Determining self-incompatibility genotypes in Belgian wild cherries

Authors

  • B. DE CUYPER,

    Corresponding author
    1. Institute for Forestry and Game Management, Gaverstraat 4, B-9500 Geraardsbergen, Belgium,
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  • T. SONNEVELD,

    1. East Malling Research, New Road, East Malling, Kent ME19 6BJ, United Kingdom,
    2. University of Nottingham, Plant Science Division, School of Biosciences, Sutton Bonington Campus, Loughborough, Leicestershire LE12 5RD, United Kingdom
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  • K. R. TOBUTT

    1. East Malling Research, New Road, East Malling, Kent ME19 6BJ, United Kingdom,
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Bart De Cuyper, Fax: 0032 54 436160; E-mail: bart.decuyper@lin.vlaanderen.be

Abstract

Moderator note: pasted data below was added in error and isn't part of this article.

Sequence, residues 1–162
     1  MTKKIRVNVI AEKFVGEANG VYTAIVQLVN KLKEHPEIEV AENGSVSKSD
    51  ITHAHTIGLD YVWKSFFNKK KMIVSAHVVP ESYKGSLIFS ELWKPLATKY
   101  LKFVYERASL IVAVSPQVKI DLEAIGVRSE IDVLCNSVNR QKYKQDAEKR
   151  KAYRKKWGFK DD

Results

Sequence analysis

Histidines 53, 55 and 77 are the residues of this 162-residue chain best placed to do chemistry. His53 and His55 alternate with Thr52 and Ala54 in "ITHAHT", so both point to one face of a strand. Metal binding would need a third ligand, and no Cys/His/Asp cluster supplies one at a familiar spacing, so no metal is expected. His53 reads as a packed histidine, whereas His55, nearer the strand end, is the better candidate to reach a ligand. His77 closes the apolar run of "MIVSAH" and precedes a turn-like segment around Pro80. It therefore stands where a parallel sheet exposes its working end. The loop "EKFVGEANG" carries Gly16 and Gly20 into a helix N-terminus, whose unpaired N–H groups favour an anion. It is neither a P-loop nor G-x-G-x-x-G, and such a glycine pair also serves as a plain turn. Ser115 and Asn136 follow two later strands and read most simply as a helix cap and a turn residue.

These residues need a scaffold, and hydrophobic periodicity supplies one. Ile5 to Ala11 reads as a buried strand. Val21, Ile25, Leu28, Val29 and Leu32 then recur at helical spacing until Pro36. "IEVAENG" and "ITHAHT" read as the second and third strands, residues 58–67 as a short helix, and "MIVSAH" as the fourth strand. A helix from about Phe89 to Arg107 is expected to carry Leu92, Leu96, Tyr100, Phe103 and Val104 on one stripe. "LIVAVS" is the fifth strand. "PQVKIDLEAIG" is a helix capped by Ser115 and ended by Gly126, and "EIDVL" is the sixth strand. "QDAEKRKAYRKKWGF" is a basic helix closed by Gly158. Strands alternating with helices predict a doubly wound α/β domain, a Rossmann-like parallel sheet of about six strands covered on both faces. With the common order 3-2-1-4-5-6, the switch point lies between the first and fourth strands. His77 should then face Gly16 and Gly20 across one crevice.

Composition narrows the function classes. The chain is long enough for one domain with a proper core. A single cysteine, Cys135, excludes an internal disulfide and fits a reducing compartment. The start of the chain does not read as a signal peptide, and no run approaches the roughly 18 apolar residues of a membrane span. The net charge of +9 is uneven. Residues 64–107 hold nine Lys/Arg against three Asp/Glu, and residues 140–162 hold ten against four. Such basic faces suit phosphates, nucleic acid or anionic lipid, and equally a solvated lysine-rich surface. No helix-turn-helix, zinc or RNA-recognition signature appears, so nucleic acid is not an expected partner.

The self-incompatibility (S) genotypes of a collection of 65 Belgian accessions of wild cherry, selected within two populations and planted in a seed orchard, were determined using polymerase chain reaction (PCR) methods. Initially, DNA extracts were amplified with consensus primers that amplify across the second intron of the S-ribonuclease gene which shows considerable length polymorphism. The provisional genotypes deduced were checked with the appropriate allele-specific primers for the known alleles S1 to S16. Putative new alleles were subjected to PCR with consensus primers amplifying across the first intron. Six new alleles, S17 to S22, were thus indicated on the basis of the estimated lengths of the first and second intron PCR products. Examples of these alleles were partially sequenced and were indeed mutually distinct and different from the known alleles. The incompatibility genotypes of all 65 accessions were determined and one triploid individual was found. Seventeen alleles were detected in all. Allele frequencies differed between samples and the expected total number of alleles in the underlying populations was estimated. The wild cherry populations differed significantly with respect to allelic frequencies from sweet cherry cultivars; alleles S4 and S5, which are moderately frequent in sweet cherry, were absent from the wild cherry accessions. The knowledge of the S genotypes will be useful for studying the gene flow within the seed orchard and these approaches should also be informative in wild populations.

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